I've learned negotiation skills along the way, and I'm unsure if you can learn that without experience. You know you learn from your mistakes. I'd say yeah, negotiation skills are really key. also, have fun. That's the main thing. I mean, I love what I do. I feel totally privileged to have the career I have. I really enjoy every aspect of it. I love working with directors. I love film. I think that's the thing. Whichever part of the industry you go into, fall in love with it. It makes things so much more fun, easier, and so much more enjoyable. There's a lot of pressure, especially in those last weeks before something starts shooting. To be honest, there's a lot of pressure on everyone, and I think we all need to breathe.

 

Emily:

Do you have any tips on how to find that timeout and that balance?

 

Shakyra Dowling:

I should take those tips myself, to be honest. I used to do yoga all the time. I've somehow dropped out of that. I walk the dog, I put on a podcast, funnily enough, and I walk the dog every morning, and that's my time on my own. I live very close to Alexandra Palace. So there are lots of nice walks and lots of green and lots of great views of London. That clears my head and starts my day really well. I mean, this weekend I was gardening all weekend, and I find that's really part of my meditation in a way, and I think everyone will find their own. Whatever really gives you that joy and puts you into that space where you're not thinking about anything else.

 

Emily:

I think that's a nice note to finish on, as well, in terms of finding that balance and inner peace.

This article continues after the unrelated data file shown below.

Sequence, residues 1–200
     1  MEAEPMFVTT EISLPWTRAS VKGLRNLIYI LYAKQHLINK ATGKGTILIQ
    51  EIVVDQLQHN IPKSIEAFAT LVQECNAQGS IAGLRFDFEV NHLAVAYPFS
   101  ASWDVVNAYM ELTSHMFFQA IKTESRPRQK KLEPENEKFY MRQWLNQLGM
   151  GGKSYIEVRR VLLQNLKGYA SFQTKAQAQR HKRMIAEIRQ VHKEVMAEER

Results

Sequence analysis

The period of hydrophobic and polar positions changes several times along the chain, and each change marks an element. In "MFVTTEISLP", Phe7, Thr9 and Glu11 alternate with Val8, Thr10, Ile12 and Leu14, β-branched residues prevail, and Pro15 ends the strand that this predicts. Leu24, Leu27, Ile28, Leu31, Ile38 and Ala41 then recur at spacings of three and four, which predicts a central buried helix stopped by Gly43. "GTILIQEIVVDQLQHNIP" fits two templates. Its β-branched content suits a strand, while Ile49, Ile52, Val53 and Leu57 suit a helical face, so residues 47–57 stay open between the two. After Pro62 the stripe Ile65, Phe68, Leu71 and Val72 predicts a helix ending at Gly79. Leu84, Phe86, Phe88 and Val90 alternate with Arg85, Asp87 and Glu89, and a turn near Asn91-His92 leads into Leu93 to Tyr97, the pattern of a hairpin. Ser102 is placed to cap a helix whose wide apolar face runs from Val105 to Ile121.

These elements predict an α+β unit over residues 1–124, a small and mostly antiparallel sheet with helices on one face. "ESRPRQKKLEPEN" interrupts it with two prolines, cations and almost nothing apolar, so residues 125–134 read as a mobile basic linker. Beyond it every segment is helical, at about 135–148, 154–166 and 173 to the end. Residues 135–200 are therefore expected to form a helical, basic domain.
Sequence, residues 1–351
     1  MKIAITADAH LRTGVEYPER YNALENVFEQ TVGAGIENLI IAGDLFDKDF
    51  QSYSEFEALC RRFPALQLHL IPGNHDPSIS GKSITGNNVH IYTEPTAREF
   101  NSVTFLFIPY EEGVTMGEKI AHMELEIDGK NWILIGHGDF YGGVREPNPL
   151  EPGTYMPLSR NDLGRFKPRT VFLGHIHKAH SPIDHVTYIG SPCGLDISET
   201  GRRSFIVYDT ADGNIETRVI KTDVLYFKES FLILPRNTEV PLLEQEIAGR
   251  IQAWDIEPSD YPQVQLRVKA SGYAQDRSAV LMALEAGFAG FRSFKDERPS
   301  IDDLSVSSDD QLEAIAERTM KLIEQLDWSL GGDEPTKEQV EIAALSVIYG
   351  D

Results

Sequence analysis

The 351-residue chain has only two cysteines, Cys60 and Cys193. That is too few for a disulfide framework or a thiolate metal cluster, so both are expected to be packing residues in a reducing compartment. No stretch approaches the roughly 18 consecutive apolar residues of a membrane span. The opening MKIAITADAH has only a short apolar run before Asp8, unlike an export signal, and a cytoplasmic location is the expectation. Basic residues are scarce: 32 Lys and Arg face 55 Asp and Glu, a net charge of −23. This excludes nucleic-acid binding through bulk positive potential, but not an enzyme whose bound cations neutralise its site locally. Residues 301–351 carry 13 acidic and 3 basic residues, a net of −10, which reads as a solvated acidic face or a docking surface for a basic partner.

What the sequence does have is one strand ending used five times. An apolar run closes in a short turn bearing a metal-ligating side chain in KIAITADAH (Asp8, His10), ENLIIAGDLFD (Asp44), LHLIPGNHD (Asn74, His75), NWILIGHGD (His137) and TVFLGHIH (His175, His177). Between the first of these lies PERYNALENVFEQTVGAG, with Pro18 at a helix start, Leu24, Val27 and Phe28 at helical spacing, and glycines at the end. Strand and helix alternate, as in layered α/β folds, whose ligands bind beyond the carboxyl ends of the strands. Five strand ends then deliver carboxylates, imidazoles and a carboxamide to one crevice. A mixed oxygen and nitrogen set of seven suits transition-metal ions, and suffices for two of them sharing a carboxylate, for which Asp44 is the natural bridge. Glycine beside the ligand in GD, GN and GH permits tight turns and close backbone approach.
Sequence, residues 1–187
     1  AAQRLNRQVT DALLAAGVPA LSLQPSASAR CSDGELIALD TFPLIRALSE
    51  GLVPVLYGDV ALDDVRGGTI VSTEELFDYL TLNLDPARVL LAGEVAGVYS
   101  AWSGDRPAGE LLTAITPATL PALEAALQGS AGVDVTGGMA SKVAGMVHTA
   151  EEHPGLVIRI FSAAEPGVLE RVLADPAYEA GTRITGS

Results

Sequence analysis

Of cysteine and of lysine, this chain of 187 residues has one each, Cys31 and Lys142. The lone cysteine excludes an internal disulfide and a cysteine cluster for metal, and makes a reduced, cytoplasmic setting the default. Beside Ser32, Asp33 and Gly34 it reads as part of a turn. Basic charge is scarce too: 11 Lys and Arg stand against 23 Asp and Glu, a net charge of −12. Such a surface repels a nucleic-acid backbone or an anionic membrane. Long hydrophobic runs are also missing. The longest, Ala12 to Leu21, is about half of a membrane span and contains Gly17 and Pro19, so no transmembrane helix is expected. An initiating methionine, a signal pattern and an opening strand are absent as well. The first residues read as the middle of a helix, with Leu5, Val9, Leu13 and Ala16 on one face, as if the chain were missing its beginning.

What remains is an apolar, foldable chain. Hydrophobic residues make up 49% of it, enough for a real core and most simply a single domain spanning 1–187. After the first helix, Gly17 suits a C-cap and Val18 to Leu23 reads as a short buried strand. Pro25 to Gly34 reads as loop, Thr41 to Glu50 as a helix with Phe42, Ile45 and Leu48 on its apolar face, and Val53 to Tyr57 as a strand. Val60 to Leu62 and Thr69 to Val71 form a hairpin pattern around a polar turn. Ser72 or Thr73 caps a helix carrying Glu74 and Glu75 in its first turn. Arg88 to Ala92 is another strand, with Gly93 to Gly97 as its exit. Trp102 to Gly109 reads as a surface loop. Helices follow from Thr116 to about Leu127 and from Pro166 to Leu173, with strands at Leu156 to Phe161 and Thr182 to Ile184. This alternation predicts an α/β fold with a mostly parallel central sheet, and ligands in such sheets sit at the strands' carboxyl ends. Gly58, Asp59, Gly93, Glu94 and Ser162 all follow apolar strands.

Shakyra Dowling:

Absolutely, yes. Don't sacrifice your own life for anything.

 

Emily:

Thank you so much. Those 30 minutes provided so much insight, and I think our listeners have a lot to absorb, consider, and think about in the world of casting.

 

Shakyra Dowling:

Thank you. Thanks for having me.


Short Biography:


Shakyra is a fierce champion of emerging and diverse talent. Past projects have included nominations at the BAFTAs, BIFAs, Berlinale, Sundance, and TIFF. Working across film, television, and commercials, Shakyra has been nominated for several casting awards, including the Artios Casting Society of America Awards.


Recent casting includes the Swedish biopic Hammerskjold directed by Per Fly (Bogen) with Mikael Persbrandt in the lead role, BFI backed The Occupant,  Hugo Keijzer’s directorial debut, with Ella Balinska and Nathalie Biancheri’s Wolf with George MacKay, Lily Rose-Depp and Paddy Considine.

 

Shakyra is currently working on Peter Greenaway's Lucca Mortis with Dustin Hoffman and Helen Hunt and Desperate Journey, directed by Annabel Jankel (Tell it to the Bees) and starring Til Schweiger, Steven Berkoff, and Sienna Guillory.

 

Shakyra cast Sasha Nathwani's Last Swim, starring Narges Rashidi and ‘Screen International Star of Tomorrow 2022’ Solly McLeod, premiered at Berlinale 2024, winning a Crystal Bear.


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Want to know more about Shakyra Dowling?

You can find out more about Shakyra on her website.

 

Or, view Shakyra's film credits on IMDB.


IG: @shakyradowlingcasting

Twitter: @shakyradowling